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Underwood joins the family


My wife is the best. Last Friday morning my phone rang at the office, much earlier than I'm used to hearing from Julie every day. She and Maddie had decided, spur of the moment, to go to an estate sale, and she informed me that she had found an old Underwood typewriter, and asked if she should buy it for me. As I suspect is the case with many writers, I have a fetishistic attraction for old manual typewriters, though I had not yet taken the plunge. Trouble is, I had never studied the old machines well enough to know exactly what I was looking for, and Julie knew little about them. So she tried to describe it for me as well as she could, while I prowled typewriter websites looking for something that matched what she was describing, without much success. Finally I said, Oh what the hell, go ahead and buy it. Which she did - for just twenty bucks. Bless her heart - I know that old typewriters certainly weren't high on her list of things she wanted to at during that estate sale, but she still took the time to do so, just for me.

So when I got home that night, here's what I had: an Underwood Universal portable, from 1938. That's it in the photo above, and I couldn't be happier with it. It's in very good condition - it shows well and seems to be in perfect working order. (That website linked to above has their model listed for $450, but that's in completely refurbished condition. Plus that's their asking price - who knows if they'll ever sell if for anywhere near that much. Still, it looks like Julie made a very good deal.) The only thing that needs to be replaced is the ribbon, which was all but dried out. But the ribbon had just enough ink left in it to allow me to type out my first message:


I'm really looking forward to buying a new ribbon and giving the old relic a real workout. I'm toying with the idea of writing an entire new story, start to finish, completely on the typewriter, and mailing off the final typed draft to some literary journal without ever using a PC. I'll let you know how that goes.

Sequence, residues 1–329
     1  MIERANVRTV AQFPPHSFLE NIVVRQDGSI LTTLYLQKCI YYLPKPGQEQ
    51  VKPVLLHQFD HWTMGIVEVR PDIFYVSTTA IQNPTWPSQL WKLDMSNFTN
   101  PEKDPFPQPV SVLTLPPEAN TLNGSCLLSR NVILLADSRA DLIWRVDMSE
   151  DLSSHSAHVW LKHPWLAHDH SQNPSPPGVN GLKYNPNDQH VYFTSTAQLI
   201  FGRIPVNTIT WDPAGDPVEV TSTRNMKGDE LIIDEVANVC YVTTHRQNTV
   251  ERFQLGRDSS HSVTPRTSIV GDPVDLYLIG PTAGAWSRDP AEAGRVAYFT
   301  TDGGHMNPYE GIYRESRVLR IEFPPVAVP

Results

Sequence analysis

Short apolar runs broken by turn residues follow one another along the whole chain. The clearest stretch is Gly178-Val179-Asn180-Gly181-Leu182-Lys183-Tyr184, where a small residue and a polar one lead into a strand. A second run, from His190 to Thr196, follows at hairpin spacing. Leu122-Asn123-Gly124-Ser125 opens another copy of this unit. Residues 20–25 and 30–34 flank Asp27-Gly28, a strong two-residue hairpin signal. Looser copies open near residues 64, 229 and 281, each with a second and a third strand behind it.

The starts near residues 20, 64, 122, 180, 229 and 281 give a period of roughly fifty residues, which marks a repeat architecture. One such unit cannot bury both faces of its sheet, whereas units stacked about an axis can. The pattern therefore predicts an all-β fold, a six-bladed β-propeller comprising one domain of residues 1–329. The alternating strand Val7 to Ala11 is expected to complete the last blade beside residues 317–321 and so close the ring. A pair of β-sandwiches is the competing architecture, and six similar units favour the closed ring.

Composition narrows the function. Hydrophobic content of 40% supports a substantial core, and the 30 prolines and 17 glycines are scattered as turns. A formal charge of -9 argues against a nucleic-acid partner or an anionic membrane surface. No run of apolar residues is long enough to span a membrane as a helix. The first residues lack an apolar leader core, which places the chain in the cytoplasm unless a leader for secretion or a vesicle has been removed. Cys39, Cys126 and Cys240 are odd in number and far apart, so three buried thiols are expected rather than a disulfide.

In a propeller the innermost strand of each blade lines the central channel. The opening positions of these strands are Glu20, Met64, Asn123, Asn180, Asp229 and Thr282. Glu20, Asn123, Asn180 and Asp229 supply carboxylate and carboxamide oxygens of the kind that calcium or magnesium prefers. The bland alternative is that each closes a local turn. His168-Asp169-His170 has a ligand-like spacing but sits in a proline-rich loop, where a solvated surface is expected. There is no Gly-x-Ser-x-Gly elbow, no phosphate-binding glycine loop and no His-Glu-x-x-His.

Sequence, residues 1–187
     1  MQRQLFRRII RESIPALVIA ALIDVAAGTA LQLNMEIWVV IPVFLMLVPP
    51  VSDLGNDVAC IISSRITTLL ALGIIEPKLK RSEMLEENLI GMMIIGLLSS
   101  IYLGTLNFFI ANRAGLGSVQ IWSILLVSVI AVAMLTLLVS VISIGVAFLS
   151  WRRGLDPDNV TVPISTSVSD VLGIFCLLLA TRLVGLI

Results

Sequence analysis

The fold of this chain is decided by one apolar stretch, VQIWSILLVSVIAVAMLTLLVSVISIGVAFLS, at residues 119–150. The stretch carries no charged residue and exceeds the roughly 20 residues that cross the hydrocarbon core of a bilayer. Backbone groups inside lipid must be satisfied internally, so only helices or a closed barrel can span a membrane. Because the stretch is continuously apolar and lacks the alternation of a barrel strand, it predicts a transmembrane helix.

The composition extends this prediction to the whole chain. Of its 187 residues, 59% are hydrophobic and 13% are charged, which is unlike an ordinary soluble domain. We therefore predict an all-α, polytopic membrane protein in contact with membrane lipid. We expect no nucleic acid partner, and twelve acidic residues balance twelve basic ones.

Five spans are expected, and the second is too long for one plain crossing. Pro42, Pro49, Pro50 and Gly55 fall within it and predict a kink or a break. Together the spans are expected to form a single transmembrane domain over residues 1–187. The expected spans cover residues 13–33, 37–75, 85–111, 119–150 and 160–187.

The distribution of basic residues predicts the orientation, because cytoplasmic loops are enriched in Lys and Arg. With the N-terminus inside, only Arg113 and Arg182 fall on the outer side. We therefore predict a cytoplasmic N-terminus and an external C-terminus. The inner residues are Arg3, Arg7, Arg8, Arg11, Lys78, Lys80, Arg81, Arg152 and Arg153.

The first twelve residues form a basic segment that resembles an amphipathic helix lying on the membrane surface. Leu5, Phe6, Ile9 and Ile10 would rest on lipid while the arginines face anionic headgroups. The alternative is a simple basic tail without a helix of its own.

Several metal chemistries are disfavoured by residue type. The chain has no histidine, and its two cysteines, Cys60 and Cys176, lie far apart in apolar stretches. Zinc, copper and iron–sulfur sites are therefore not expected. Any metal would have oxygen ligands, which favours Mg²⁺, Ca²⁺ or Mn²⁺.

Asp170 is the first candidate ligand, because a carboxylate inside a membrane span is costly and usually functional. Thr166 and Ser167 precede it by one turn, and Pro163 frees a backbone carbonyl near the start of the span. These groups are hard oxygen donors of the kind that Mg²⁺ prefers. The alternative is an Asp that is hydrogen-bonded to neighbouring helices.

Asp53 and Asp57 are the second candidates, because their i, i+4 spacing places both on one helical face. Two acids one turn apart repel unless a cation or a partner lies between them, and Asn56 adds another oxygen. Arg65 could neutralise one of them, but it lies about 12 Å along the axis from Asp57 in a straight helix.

("The Lovely Miss Underwood", indeed!)

October 12, 2008 in Photography | Permalink


I have to confess that I do not have a desire to own an old, manual typewriter. I think the word processor is the best thing to happen to the mechanics of writing (rather than the soul of it) since literacy began. Of course Updike makes a big deal out of how he writes all of his manuscripts with pencil and paper first, but who reads Updike anymore, eh?

Posted by: Paul Lamb at Oct 13, 2008 7:14:30 AM

And now I want to start a career as a typewriter refurbisher. Seriously -- $450? I could totally do it.

Posted by: Julie at Oct 13, 2008 9:51:22 AM

Paul, I certainly don't plan to make the typewriter a regular part of my writing routine - in fact, that story I write on it will be a very short one. I'm so used to PCs now that I can't even imagine the old days of writing countless revisions of a novel on a typewriter. It's a wonder that any writers were able to support themselves solely by their writing back then.

Julie, go for it. You might want to talk to this guy:


Posted by: Pete at Oct 13, 2008 4:18:20 PM

And it astounds me to think that works like War and Peace or Moby Dick were written with pen and ink. There were giants in the earth in those days.

Posted by: Paul Lamb at Oct 13, 2008 8:01:18 PM